To a hoary old bookworm like me, it's a beautiful feeling to pick up a book with no real prior knowledge, and be completely enamoured and enchanted as the last page is turned. It's an epiphany, a discovery, and almost like love.
My first experience with Scarlett Thomas was picking up 'The End of Mr. Y', which looked interesting enough, with its black-lined pages, recommendation by Philip Pullman, and the promise of philosophy, metaphysics, curses & supersitions, quantum physics, time-travel and sex (I mean, with promises like that, who could resist, right?), but when I finished the book, I was so impressed, amazed and enchanted, that I knew I must find more.
With "Going Out", however, while it may be a different subject, and an earlier work, I felt that Scarlett Thomas had written the book with me in mind. The locations, characters, and the situations that they find themselves in really struck a chord that I haven't felt in a long time. Maybe it is because in 2000, the year the book was set in, I was at roughly the same age as the characters. I live in South Essex, where the book was set, and know a lot of the locations (There is a pub called 'The Rising Sun' in Billericay, although I don't know if that's where Scarlett Thomas based her pub on...), and I could see various aspects of my own life, and the lives of my friends, reflected in the characters of the novel.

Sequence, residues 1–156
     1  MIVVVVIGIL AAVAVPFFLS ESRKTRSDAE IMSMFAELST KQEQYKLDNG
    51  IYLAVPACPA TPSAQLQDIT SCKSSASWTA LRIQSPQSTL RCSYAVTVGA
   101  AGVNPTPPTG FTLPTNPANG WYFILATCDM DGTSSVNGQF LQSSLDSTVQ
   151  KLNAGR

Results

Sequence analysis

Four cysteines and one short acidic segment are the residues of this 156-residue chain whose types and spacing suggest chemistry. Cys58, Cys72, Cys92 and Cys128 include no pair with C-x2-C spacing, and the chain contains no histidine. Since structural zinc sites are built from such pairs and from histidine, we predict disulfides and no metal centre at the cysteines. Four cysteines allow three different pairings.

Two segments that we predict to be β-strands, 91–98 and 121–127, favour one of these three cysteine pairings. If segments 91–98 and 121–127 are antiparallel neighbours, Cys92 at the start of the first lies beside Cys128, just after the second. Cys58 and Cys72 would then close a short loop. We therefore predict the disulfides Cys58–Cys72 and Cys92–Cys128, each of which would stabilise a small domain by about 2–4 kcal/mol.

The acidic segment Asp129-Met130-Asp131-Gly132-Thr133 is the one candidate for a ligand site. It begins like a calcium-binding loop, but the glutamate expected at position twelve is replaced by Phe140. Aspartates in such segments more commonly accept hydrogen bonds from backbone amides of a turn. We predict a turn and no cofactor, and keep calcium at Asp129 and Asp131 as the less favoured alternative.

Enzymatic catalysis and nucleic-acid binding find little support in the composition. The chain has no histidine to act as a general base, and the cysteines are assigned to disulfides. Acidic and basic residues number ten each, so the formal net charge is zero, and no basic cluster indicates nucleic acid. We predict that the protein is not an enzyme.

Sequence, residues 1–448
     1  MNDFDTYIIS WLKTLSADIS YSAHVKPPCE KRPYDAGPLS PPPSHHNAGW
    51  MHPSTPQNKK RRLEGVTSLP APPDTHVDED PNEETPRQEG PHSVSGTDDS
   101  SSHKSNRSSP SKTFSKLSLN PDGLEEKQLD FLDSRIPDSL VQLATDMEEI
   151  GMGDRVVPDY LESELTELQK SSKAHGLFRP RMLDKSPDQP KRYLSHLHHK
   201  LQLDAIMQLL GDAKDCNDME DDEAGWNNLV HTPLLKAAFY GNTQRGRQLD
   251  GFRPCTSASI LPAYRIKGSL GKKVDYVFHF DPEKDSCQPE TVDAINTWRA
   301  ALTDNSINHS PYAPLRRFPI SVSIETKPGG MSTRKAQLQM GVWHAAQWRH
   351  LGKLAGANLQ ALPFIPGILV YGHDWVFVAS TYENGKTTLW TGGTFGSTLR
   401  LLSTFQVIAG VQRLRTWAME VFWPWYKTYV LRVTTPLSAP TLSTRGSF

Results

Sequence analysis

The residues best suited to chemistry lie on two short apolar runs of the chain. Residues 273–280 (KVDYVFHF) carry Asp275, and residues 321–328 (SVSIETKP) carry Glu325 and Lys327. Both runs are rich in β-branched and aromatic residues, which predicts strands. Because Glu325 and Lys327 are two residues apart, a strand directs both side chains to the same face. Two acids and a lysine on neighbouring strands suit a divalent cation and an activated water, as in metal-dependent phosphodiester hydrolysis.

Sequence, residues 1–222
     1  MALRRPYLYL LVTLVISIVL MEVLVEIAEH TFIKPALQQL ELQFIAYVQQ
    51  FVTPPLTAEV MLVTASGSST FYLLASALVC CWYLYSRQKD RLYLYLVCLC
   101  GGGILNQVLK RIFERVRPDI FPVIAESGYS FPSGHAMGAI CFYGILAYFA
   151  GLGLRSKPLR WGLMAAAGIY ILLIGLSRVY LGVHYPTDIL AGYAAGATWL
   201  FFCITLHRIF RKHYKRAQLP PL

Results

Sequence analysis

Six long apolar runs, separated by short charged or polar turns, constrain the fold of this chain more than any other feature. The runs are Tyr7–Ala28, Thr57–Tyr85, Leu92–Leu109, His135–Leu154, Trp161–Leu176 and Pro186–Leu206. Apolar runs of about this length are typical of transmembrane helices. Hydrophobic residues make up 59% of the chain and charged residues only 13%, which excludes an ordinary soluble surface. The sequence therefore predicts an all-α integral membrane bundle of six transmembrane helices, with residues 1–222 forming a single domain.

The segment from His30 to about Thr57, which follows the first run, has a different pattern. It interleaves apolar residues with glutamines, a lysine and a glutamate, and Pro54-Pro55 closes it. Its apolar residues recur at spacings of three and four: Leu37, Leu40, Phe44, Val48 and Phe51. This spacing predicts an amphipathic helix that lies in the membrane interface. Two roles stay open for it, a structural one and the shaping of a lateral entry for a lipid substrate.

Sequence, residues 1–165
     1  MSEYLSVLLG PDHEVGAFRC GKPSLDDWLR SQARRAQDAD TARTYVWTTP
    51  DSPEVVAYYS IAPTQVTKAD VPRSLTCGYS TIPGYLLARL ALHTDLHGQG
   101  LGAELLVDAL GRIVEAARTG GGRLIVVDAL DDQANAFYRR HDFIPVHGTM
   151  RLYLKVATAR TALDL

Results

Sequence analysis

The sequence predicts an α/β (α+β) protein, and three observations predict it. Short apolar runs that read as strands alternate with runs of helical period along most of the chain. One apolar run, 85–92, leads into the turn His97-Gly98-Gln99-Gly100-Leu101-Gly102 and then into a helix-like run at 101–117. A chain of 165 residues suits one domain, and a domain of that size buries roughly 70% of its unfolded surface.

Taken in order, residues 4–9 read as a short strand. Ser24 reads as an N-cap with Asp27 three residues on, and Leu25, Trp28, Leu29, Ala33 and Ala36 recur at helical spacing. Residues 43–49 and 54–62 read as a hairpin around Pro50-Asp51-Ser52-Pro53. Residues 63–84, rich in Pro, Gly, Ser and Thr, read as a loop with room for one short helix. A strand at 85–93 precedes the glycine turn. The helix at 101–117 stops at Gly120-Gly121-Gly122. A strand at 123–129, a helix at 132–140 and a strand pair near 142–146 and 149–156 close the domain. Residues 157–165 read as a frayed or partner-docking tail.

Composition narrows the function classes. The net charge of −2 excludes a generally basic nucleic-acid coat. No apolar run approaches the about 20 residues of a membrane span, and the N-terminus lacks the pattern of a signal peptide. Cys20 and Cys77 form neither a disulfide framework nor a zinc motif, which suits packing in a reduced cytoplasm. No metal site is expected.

There is no doubt that Scarlett writes with a lot of heart. The plot may not be a 'Da Vinci Code' rollercoaster of thrills and excitement, but each character stands out so strongly that they were practically tangible. Luke, the main character, suffers with XP, a rare skin disease that causes a potentially fatal allergy if he is exposed to the sun. He is portrayed as having a slight American accent, and cannot read a story without having references from the TV to help him imagine scenarios. Everything outside his house, as far as he's concerned, looks like a Hollywood sit-com. Scarlett reinforces this several times in the book by displaying to the reader that Luke simply does not know any other lifestyle, and has no other point of reference.
Another thing that Scarlett Thomas does (and it is a great relief to say this), is to eschew the stereotype of the Essex Girl, and she does this vehemently. One of the lesser (but still important & relevant) characters, Chantal, is a Basildon girl who has won the lottery. - Chantal is shy, sweet, and caring. She has known poverty and embarassement, and is charming and likeable. (If she had been a brash outgoing promiscuous single mother, I probably would have put the book down), but it is a refreshing and perfect example of how Scarlett Thomas writes about characters for who they are, irrespective of whether the reader expects them to behave or speak in a certain way.
In short, a wonderful novel, with heavy & self-referencing nods to the Wizard of Oz, with real, believable and wonderul characters, a real dollop of humour, and a message that stays with the reader once the book is finished...
...I think I'm in love.